Anel Ahmedhodzic is a right-sided centre-back playing for Malmo in the Swedish Allsvenskan. At 21 years of age, he is one of the youngest centre-backs in the league and has started each of Malmö’s 16 games this season. Ahmedhodžić has one cap for Sweden, the country of his birth, but has since announced he wishes to represent Bosnia and Herzegovina in the future.
Ahmedhodžić came through the youth ranks at Malmö before moving to Nottingham Forrest at the age of 16. At the time, he was considered one of the top young prospects at the EFL club and made his debut aged 17. This, however, was to be his only appearance in his three years at Forrest. In January 2019, he returned to his hometown club Malmö.
This scout report will present a tactical analysis of Ahmedhodžić and how he has contributed to his team’s success this season. The analysis will pay particular attention to his impressive use of the ball and reading of the game as well as what he may have to improve on to get to the next level.
As the above images show, Malmö head coach and former English Premier League and La Liga striker, Jon Dahl Tomasson, prefers a 4-4-1-1 formation. Ahmedhodžić (#15) is deployed at right centre-back in a back four. The majority of his touches, as you would expect for a defender, are in his team’s half of the pitch.
Malmö have had a flying start to the season which currently sees them top of the division. Whilst they score a lot of goals, their defensive record is the best in the league. They have kept a clean sheet in five of their league matches and have conceded the fewest goals overall with 15.
At 192cm, the centre back is one of the tallest players in the division. This gives him an obvious advantage over opponents when the ball is in the air. So far this season, Ahmedhodžić has won 72% of his aerial duels putting him amongst the best in the league.
However, as the image above shows, Ahmedhodžić is not quite as dominant in the air in his team’s penalty area. In this area, he wins 62.1% of his aerial duels.
Whilst being tall and dominant in the air, Ahmedhodžić can also play with his feet. He has an impressive pass accuracy of 91.34% and around half of the passes he attempts are forward passes.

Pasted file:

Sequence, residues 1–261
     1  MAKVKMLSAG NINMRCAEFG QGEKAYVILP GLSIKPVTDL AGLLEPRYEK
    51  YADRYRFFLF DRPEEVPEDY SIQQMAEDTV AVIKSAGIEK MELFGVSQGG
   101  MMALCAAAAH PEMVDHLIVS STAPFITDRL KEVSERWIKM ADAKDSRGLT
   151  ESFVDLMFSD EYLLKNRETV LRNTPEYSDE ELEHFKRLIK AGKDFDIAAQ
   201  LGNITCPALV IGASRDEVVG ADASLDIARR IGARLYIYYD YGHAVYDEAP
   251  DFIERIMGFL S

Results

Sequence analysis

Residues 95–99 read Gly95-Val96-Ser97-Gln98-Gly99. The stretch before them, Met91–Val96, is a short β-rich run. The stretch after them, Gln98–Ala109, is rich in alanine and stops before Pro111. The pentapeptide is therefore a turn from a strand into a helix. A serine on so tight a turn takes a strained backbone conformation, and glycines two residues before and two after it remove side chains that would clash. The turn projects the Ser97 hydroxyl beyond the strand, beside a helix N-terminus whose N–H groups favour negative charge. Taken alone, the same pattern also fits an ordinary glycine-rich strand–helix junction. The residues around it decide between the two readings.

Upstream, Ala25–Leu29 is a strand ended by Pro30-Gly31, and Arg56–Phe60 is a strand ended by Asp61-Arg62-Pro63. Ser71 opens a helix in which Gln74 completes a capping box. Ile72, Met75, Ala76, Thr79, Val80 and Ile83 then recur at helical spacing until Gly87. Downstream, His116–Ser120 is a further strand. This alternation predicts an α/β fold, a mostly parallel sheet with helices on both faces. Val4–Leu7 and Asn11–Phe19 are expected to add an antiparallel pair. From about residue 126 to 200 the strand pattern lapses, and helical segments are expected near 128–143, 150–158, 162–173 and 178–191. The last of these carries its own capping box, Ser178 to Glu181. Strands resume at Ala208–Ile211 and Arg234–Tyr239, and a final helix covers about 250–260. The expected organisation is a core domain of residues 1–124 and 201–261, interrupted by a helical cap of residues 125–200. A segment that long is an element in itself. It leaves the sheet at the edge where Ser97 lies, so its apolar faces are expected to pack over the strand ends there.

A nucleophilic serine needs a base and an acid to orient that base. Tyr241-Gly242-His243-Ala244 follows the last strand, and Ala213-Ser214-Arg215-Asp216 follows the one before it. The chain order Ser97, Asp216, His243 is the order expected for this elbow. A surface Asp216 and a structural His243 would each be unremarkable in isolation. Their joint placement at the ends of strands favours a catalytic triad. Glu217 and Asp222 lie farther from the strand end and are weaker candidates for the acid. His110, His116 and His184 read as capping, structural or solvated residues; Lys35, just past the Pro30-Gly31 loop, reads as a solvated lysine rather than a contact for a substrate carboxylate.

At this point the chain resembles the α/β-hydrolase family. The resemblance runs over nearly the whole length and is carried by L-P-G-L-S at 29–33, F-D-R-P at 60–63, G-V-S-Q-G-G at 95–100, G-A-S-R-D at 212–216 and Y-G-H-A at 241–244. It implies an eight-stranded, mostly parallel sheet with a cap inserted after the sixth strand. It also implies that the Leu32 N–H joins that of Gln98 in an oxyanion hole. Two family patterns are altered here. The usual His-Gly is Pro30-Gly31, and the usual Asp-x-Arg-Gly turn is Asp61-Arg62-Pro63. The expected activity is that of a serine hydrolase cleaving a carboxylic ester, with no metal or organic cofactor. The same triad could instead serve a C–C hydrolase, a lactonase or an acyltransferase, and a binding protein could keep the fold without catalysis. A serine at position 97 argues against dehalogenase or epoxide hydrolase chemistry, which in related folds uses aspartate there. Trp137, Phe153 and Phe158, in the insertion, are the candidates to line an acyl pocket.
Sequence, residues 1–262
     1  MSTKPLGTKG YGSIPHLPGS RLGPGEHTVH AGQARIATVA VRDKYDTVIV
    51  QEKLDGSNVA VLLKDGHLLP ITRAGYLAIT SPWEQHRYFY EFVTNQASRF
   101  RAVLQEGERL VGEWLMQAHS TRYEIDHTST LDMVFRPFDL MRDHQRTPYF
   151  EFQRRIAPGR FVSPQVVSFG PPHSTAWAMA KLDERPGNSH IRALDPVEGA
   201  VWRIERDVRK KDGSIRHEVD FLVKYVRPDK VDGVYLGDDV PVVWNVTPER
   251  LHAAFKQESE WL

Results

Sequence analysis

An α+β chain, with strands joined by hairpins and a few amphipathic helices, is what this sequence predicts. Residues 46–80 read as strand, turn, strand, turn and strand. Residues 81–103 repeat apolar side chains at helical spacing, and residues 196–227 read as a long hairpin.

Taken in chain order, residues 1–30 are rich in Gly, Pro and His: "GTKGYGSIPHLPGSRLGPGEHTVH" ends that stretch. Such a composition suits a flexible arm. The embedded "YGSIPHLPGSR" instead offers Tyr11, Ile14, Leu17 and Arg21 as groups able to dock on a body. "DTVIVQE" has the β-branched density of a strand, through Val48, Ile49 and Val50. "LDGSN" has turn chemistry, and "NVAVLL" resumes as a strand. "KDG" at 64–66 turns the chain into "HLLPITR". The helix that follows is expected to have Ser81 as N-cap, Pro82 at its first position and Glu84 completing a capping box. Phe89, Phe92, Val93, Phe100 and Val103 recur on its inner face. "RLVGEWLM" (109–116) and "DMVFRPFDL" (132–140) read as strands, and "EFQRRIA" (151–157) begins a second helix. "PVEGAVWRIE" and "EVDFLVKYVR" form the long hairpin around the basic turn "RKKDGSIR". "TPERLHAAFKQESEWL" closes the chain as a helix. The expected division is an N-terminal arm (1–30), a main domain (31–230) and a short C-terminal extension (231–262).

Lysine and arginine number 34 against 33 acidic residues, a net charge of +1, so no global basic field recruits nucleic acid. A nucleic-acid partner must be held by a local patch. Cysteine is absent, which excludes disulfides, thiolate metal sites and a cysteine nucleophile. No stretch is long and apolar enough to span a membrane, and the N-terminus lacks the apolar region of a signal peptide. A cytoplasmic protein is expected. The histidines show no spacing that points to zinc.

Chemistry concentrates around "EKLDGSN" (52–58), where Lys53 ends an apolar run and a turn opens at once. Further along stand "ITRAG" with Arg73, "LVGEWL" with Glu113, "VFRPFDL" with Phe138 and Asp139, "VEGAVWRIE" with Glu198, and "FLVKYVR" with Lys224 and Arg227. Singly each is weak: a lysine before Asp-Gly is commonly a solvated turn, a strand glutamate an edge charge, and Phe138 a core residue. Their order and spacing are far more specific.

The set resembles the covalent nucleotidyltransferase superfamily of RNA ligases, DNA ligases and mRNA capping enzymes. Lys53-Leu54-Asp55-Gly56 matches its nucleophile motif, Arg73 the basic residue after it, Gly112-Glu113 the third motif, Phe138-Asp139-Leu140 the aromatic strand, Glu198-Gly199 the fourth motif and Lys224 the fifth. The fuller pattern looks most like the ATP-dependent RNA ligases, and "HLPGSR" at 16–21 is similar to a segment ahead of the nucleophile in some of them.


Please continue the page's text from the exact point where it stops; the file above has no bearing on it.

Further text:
His progressive pass accuracy is 79.9%. As the above image shows, the majority of Ahmedhodžić’s accurate passes are to his right-back or into a central or attacking midfielder.
Use of the ball
As the stats above suggest, Ahmedhodžić is competent at both keeping possession safe and playing forward into attacking areas. This section is going to analyse his forward passes and how he creates goalscoring opportunities from deep positions.
The above image shows the moments after Ahmedhodžić has received the ball from his left-back. As soon as he receives the ball, he attacks the space in front of him. Despite having easy, safe passing options available, he elects to take responsibility and look for a penetrating pass.
By dribbling into the space in front of him at speed, he causes disruption to the opposition. Travelling up the pitch also makes a through ball easier to complete due to the shorter distance the ball will have to travel.
Whilst being pressed, he has the awareness to pick out his striker’s clever run. He plays a perfectly weighted pass between the opposition left centre-back and left-back. This pass takes out the entire opposition team and puts his striker through on goal.
This play is typical of the young defender. He does not shun responsibility. His first thought, even when receiving the ball in his own half, is how to put the opposition on the back foot and create goal-scoring opportunities for his team. Not only does he possess an aggressive attacking mentality but also has the technical ability to pull it off.
Reading the game and counter-attacking
As covered in the data analysis section, Ahmedhodžić is good in the air which allows him to win a lot of aerial duals and interceptions. Whilst his height is an obvious advantage, it is his reading of the game which allows him to be so successful.
The above image shows off both his reading of the game and his aerial ability. The oppositions left-back has just played a long, high ball for his forward to run onto. Ahmedhodžić’s starting position near the centre of the pitch is perfect.
This starting position allows him to see both the ball and the attacking player in the wide area. It also forces the left-back to hit the open space to Ahmedhodžić’s right. Predicting this, the Bosnian is on the move before the ball is kicked.
The left-back hits the long ball and Ahmedhodžić intercepts it in the air. Not only does he prevent a dangerous opposition attack, but he also has the guile to find a teammate with his intercepting header. This allows his team to launch an attack of their own
The above image shows the moments before Ahmedhodžić intercepts an opposition pass and launches a counter-attack. This move is characteristic of Ahmedhodžić’s physical strength, ability to read the game and his willingness to attack.
As the opposition player on the ball (circled) runs with the ball, the opposition striker is trying to pin Ahmedhodžić. Ahmedhodžić, who has kept his eye on the ball and the man he is marking throughout the move, is able to muscle the striker out the way. As the ball is passed, he sneaks in front of the player about to receive the ball.